With all of this being said concerning the scars which Jesus chose to retain and carry with Him unto the right hand of His Father in glory, there is also a second reality that must be considered. It is true that Jesus carried with Him the scars of His suffering unto the right hand of His Father in heaven, but it is also true that He carried with Him the keys of His triumph unto the right hand of His Father in heaven. If you consider and examine Jesus’ ascension and return unto the right hand of His Father in heaven you will not only recognize and understand that Jesus did in fact bring the scars and print of the nails of His suffering into glory, but He also brought with Him the keys of His triumph unto glory as well. It wasn’t enough for Jesus to bring the scars of His suffering unto the right hand of His Father who was in heaven, for Scripture records how Jesus also brought the keys of His triumph unto the right hand of His Father in heaven. Consider if you will the words which the apostle John records for us within the New Testament prophetic book of the Revelation of Jesus the Christ:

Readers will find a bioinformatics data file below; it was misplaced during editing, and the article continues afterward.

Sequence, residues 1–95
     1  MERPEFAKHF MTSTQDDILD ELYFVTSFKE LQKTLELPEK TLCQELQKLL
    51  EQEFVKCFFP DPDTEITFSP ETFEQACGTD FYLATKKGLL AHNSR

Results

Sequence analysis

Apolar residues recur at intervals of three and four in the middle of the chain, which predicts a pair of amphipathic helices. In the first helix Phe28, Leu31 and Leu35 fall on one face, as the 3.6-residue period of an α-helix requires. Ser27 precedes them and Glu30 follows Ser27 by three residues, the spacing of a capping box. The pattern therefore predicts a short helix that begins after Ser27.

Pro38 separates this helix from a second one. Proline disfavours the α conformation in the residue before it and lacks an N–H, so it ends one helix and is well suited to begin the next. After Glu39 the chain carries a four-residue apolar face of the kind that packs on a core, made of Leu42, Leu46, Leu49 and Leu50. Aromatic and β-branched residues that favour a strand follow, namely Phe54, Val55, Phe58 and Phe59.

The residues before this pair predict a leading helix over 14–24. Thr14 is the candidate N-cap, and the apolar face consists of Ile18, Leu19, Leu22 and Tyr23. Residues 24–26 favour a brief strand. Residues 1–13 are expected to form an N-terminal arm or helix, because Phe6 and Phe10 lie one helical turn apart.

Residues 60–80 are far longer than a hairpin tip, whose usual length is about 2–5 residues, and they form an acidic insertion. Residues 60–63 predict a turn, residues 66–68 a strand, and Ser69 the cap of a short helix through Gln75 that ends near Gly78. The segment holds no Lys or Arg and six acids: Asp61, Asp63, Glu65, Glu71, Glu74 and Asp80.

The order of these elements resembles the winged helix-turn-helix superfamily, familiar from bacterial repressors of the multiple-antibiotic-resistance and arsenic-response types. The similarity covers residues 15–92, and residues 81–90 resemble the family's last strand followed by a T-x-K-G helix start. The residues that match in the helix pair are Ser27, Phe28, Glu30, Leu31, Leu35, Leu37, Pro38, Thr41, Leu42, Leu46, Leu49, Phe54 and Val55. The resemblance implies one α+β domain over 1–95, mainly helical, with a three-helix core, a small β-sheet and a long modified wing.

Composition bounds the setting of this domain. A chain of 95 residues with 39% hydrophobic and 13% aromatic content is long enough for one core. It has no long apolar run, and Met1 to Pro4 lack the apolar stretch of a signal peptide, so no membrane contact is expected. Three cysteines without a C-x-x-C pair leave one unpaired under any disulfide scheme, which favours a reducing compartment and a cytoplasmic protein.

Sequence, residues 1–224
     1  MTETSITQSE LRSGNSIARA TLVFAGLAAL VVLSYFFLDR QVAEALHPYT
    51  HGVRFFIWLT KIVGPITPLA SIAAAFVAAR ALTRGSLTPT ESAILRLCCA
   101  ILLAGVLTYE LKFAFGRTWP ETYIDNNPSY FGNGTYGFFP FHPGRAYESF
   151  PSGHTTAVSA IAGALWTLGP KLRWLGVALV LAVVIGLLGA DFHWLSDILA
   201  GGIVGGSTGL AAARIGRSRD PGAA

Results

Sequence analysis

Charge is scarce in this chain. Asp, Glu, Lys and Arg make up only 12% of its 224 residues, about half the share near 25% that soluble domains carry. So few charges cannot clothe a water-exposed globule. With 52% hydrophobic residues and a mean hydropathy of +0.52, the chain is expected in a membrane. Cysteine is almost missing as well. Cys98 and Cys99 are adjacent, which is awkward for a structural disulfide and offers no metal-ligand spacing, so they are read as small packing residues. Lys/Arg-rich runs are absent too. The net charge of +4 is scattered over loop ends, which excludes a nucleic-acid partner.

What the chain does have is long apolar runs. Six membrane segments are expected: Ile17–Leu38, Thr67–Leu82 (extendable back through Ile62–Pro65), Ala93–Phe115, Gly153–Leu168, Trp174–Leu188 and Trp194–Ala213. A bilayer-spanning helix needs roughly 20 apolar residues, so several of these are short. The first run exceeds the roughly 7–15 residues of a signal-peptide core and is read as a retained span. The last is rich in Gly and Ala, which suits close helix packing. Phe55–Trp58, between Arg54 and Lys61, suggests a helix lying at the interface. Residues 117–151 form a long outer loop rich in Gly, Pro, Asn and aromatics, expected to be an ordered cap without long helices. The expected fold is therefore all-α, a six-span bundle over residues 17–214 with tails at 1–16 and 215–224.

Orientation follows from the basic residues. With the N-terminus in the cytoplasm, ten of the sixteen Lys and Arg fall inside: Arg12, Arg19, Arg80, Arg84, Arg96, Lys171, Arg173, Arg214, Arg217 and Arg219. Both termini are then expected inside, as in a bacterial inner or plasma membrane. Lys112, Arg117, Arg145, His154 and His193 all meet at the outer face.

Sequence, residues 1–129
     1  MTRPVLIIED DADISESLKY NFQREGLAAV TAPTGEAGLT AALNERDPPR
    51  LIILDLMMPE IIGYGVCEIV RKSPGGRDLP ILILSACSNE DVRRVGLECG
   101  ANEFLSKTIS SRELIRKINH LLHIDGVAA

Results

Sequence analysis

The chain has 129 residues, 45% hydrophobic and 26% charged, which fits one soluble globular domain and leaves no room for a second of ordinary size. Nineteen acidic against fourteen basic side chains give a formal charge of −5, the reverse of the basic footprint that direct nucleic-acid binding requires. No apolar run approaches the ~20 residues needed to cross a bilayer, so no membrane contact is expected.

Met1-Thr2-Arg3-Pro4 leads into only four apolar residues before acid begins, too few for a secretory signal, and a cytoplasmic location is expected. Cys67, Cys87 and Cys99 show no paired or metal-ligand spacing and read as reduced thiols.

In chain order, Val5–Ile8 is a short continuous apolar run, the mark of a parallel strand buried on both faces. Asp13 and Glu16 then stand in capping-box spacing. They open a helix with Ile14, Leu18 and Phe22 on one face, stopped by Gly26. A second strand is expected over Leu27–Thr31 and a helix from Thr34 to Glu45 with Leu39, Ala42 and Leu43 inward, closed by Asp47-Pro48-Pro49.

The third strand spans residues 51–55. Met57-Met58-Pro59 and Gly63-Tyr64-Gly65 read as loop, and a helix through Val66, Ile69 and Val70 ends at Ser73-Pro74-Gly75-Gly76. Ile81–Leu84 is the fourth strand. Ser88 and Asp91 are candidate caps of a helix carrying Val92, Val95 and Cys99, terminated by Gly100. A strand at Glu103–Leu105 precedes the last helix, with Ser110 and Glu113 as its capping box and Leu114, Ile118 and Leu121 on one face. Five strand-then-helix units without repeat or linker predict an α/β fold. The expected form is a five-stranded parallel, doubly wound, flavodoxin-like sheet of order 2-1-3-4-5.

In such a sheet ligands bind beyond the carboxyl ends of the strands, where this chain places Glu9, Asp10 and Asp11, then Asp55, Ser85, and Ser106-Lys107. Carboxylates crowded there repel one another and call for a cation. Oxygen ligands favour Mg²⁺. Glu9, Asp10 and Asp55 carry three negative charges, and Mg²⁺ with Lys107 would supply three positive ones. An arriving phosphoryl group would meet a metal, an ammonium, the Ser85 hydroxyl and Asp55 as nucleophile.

“I John, who also am your brother, and companion in tribulation, and in the kingdom and patience of Jesus Christ, was in the isle that is called Patmos for the word of God, and for the testimony of Jesus Christ. I was in the Spirit on the Lord’s day, and heard behind me a great voice, as of a trumpet, saying, I am Alpha and Omega, the first and the last: and, What thou seest, write in a book, and send it unto the seven churches which are in Asia; unto Ephesus, and unto Smyrna, and unto Pergamos, and unto THyatria, and unto Sardis, and unto Philadelphia, and unto Laodicea. And I turned to see the voice that spake with me. And being turned, I saw seven golden candlesticks; and in the midst of the seven candlesticks on like unto the Son of man, clothed with a garment down to the foot, and girt about the paps with a golden girdle. His head and His Harris were white like would, as white as snow; and His eyes were as a flame of fire; and His feet like unto fine brass, as if they burned in a furnace; and His voice as the sound of many waters. And He had in His right hand seven stars: and out of His mouth went a sharp two-edged sword: and His countenance was as the sun shineth in his strength. And when I saw Him, I fell at His feet as dead. And He laid His right hand upon me, saying unto me, Fear not; I am the first and the last: I am He that lieveth, and was dead; and, behold, I am alive for evermore, Amen; and have the keys of hell and of death. Write the things which thou hast seen, and the things which are, and the things which shall be hereafter; the mystery of the seven stars which thou sawest in my right hand, and the seven golden candlesticks. The seven stars are the angels of the seven churches: and the seven candlesticks which thou sawest are the seven churches” (Revelation 1:9-20).